Role of IKK/NF-κB signaling in extinction of conditioned place aversion memory in rats.
Bottom Line: The inhibitor κB protein kinase/nuclear factor κB (IKK/NF-κB) signaling pathway is critical for synaptic plasticity.However, the role of IKK/NF-κB in drug withdrawal-associated conditioned place aversion (CPA) memory is unknown.The blockade of CPA extinction induced by SSZ was abolished by sodium butyrate, an inhibitor of histone deacetylase.
Affiliation: Tianjin Medical University, Tianjin, China.
The inhibitor κB protein kinase/nuclear factor κB (IKK/NF-κB) signaling pathway is critical for synaptic plasticity. However, the role of IKK/NF-κB in drug withdrawal-associated conditioned place aversion (CPA) memory is unknown. Here, we showed that inhibition of IKK/NF-κB by sulphasalazine (SSZ; 10 mM, i.c.v.) selectively blocked the extinction but not acquisition or expression of morphine-induced CPA in rats. The blockade of CPA extinction induced by SSZ was abolished by sodium butyrate, an inhibitor of histone deacetylase. Thus, the IKK/NF-κB signaling pathway might play a critical role in the extinction of morphine-induced CPA in rats and might be a potential pharmacotherapy target for opiate addiction.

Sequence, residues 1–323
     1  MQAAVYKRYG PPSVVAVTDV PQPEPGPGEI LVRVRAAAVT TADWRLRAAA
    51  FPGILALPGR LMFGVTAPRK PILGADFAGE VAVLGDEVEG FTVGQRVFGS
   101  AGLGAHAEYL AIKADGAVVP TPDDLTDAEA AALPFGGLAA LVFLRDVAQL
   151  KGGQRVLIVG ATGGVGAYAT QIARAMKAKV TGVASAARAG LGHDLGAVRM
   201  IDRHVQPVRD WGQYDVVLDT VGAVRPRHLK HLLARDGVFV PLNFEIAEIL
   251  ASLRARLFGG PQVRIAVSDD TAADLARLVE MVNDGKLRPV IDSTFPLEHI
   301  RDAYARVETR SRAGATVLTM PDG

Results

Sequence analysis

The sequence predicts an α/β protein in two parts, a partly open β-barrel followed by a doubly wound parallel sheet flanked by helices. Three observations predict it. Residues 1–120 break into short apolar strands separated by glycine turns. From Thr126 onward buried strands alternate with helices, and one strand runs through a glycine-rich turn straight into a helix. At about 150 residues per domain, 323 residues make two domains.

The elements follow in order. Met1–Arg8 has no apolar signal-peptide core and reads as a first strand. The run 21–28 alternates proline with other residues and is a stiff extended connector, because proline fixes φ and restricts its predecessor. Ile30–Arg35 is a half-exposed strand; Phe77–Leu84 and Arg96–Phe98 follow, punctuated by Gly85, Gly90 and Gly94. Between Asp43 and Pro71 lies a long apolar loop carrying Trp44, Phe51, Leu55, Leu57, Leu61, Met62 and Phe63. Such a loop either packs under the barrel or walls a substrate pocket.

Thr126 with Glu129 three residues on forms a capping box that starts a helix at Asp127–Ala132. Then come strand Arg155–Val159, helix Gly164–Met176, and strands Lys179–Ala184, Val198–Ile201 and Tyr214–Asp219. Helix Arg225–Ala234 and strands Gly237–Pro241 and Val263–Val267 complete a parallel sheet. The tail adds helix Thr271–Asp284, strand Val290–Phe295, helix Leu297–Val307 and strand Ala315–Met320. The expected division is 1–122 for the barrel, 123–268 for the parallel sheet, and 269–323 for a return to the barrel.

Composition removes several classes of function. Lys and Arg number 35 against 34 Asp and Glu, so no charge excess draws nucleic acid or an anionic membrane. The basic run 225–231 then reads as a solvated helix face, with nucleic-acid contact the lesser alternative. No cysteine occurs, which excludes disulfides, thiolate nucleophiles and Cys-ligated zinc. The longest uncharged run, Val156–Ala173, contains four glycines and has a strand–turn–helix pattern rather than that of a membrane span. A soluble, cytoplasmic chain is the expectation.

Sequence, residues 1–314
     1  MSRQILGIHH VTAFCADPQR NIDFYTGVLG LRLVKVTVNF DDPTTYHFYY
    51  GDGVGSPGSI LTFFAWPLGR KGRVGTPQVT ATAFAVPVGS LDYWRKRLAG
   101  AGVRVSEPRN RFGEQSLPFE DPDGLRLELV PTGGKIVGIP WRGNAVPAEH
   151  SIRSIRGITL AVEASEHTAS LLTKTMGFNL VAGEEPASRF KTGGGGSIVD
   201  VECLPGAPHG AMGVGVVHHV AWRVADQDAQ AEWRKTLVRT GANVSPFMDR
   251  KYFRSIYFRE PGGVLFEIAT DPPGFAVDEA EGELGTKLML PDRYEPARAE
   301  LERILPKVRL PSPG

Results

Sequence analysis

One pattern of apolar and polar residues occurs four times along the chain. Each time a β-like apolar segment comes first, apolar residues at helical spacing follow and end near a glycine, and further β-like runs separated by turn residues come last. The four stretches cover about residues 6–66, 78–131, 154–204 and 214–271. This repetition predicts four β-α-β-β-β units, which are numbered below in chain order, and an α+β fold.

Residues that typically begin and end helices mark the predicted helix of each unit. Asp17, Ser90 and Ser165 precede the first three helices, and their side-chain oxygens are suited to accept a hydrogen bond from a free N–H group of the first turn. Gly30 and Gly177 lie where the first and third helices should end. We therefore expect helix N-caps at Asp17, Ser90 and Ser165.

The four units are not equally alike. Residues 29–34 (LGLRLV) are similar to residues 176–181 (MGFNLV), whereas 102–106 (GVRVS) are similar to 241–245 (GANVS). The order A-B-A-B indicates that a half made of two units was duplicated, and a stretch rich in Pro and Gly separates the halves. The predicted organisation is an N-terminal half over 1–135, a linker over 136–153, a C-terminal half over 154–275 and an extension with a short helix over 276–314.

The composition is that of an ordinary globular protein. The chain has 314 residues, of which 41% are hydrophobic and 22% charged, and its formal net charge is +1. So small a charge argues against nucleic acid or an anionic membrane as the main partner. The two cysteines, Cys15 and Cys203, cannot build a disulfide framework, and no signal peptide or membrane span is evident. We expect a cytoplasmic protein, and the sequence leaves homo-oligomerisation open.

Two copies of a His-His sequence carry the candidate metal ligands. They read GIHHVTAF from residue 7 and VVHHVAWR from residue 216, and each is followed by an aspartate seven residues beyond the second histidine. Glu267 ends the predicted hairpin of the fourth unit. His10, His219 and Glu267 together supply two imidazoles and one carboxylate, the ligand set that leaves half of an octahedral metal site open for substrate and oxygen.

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Mentions: To determine that the effect of SSZ on the extinction of morphine-induced CPA was not attributable to the possible side effects of SSZ (e.g., psychoactive actions), we investigated the effect of SSZ on locomotor activity and place preference in rats. Two groups of rats (n = 7−8 per group) were tested for changes in locomotor activity 20 min and 24 h after intracranial administration of SSZ (Fig. 4A). A repeated-measures ANOVA was used to analyze locomotor activity, with SSZ dose (0 and 10 mM) as the between-subjects factor and Test Condition (pretreatment, post-treatment, and re-test) as the within-subjects factor. The analysis revealed no significant effects of SSZ (F1,13 = 0.066, p>0.1) and no SSZ × Test Condition interaction (F2,26 = 1.383, p>0.1). These results suggest that the inhibition of IKK/NF-κB activity did not affect locomotor activity in rats (Fig. 4B).